President Ernest Bai Koroma yesterday affirmed his commitment to passing the Freedom of Information (FOI) Bill and repealing Criminal Libel Laws after a group of about 50 journalists marched to State House on International Press Freedom Day.
He said the bill, which would open up a swath of government records to public view, will become law “pretty, pretty soon.”
He added this is not the first time journalists have asked for the hated Criminal Libel Laws to be repealed. The 1965 Public Order Act, still in effect today, makes it a crime to publish information considered libelous. Journalists have campaigned for years to have the sections dropped, arguing that the law is outdated and infringes on freedom of the press.
President Koroma said the matter is under consideration, and praised journalists for coming “a long way” in their development.
“But, like all of us, you’re not there yet,” said President Koroma, adding, “there is room for improvement.”
The President called for the government, journalists and other parties to “engage” in a discussion about what media law the country should have, after agreeing to meet the demonstrators when they arrived at State House.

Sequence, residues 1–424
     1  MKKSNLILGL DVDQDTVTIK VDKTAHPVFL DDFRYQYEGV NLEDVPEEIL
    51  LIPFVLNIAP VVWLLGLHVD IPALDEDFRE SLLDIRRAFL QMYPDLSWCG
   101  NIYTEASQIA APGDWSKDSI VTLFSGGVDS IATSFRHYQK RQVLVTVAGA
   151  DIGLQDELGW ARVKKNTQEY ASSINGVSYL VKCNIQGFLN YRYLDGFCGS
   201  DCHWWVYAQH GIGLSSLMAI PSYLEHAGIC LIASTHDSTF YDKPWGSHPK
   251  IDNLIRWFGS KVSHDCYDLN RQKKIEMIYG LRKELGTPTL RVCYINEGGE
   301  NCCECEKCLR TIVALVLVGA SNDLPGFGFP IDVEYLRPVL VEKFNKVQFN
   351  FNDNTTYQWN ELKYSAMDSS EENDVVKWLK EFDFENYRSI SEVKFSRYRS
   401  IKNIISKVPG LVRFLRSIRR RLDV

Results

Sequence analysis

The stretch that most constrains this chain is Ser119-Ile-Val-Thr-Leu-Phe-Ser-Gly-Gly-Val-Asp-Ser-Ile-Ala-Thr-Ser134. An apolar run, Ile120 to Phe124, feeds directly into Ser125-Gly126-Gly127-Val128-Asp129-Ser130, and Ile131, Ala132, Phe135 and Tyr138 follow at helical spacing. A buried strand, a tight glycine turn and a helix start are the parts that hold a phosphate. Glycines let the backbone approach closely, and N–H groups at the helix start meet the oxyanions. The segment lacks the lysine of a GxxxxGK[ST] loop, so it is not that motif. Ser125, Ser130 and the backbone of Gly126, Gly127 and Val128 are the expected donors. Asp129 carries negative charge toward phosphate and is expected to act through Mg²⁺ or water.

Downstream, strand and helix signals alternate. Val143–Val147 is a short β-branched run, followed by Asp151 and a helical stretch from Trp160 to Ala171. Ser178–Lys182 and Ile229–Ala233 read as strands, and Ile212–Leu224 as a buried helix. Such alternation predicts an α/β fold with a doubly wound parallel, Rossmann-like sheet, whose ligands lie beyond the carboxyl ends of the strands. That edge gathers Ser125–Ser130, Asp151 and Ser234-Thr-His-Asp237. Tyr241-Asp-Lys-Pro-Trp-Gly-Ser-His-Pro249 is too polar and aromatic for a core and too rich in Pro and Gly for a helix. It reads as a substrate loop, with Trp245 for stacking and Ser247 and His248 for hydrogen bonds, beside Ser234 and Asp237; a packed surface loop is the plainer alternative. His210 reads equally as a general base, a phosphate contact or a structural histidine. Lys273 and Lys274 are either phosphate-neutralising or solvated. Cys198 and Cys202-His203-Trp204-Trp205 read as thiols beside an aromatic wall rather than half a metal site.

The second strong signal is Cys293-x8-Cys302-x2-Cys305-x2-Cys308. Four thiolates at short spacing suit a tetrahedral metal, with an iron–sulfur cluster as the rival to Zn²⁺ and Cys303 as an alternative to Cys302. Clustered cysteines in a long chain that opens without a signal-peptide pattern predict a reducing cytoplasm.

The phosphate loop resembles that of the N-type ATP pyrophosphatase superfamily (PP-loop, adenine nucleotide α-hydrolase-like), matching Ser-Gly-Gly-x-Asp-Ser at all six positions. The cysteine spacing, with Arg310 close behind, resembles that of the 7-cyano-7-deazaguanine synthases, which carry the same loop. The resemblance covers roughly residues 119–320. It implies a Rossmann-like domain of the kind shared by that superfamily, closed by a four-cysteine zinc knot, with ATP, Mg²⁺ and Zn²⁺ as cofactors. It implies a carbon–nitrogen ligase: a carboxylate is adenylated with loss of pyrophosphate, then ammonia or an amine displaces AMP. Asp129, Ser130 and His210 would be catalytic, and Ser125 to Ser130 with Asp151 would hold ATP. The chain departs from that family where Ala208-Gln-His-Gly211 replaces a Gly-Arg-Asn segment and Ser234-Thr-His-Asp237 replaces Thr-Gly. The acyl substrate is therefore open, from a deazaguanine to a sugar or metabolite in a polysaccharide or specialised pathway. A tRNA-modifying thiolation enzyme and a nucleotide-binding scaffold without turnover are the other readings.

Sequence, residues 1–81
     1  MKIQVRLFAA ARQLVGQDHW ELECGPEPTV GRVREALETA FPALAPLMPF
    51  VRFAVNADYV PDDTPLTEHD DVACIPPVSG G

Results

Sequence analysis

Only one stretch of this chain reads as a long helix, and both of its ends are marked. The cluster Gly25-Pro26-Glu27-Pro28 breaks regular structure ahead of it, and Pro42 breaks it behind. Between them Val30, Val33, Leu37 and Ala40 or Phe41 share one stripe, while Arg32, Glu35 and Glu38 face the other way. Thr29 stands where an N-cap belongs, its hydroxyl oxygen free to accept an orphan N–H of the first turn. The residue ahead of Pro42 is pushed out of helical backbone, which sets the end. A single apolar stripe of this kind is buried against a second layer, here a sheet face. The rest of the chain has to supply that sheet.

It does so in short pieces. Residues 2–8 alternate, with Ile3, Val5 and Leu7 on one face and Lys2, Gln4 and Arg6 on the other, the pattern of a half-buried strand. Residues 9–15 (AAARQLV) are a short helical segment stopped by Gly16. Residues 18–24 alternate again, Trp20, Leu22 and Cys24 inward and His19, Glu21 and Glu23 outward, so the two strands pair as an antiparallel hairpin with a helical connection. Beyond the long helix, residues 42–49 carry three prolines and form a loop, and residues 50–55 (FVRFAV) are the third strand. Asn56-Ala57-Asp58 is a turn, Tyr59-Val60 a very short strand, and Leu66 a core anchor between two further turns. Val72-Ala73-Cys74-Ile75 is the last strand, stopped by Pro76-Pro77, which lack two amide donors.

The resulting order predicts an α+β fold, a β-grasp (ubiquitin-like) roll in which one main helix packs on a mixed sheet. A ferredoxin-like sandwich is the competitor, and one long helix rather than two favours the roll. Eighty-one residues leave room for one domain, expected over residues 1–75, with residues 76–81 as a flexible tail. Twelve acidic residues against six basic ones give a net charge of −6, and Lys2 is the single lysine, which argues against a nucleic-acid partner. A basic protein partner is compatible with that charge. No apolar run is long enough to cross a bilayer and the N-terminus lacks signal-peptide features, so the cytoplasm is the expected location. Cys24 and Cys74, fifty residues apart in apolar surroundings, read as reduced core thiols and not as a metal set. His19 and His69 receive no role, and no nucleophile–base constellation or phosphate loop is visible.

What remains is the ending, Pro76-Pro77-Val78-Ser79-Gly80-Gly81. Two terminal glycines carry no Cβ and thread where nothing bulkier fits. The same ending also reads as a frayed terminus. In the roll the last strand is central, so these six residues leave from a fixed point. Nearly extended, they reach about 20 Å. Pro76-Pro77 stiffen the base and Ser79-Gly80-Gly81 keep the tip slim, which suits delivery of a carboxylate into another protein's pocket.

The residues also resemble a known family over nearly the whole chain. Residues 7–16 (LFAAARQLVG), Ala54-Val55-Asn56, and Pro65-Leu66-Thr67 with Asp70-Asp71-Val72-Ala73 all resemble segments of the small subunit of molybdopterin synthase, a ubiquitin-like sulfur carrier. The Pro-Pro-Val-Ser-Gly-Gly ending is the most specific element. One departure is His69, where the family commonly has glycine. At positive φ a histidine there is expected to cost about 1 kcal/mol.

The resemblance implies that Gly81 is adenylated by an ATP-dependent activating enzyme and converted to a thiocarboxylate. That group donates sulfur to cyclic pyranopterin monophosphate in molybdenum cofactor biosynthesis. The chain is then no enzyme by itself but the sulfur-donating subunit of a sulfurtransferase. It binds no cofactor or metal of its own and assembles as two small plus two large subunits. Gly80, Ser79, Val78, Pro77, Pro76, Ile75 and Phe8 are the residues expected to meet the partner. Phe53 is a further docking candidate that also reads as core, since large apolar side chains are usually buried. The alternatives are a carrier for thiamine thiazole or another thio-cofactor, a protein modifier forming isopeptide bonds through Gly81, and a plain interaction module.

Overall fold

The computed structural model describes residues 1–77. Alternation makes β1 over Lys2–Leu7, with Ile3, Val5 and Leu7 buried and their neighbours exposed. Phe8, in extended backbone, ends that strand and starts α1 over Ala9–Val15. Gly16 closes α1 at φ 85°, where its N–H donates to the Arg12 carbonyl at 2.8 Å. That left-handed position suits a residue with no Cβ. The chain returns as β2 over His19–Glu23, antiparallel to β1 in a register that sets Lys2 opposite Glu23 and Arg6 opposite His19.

The demonstration, organized by the Sierra Leone Association of Journalists (SLAJ), saw some 50 journalists and supporters march from Campbell Street to Tower Hill and State House to present their petition to the Speaker, Abel Strong and the President.
Demonstrators donned SLAJ shirts that said “A free press – a prosperous nation” and chanted “Down with Criminal Libel” and other slogans.
They waved placards reading, “President Koroma should fulfill his promise to repeal the Criminal Libel Law,” and “don’t criminalize us in the line of duty.”
Waiting for government officials at the front of Parliament, demonstrators sang “We shall overcome.”
SLAJ President Umaru Fofanah presented a petition to Justice Strong and said he was concerned that no one, including Minister of Information and Communication, Alhaji Ibrahim Ben Kargbo, seemed to know the status of the FOI Bill, which was first introduced to Parliament last year.
Justice Strong said government is “working” on the Bill and it takes time, adding that the Minister of Information and Communication is not a Member of Parliament and doesn’t know what’s happening there.
After President Koroma’s address, Mr. Fofanah said he was impressed with the President’s commitment to the Bill and to considering the Libel Law, pointing out that it is the first time the President has met journalists on International Press Freedom Day.
Freedom of the press, and of speech and expression, is guaranteed in Sierra Leone’s Constitution, Act No. 46 of 1991.
The FOI Bill would allow the public to request information from public and, in some circumstances, private authorities and force the release of non-exempt documents. It would also require the disclosure of a host of information on government authorities, such as salaries, budgets, subsidies and contracts.
By Alhaji Manika Kamara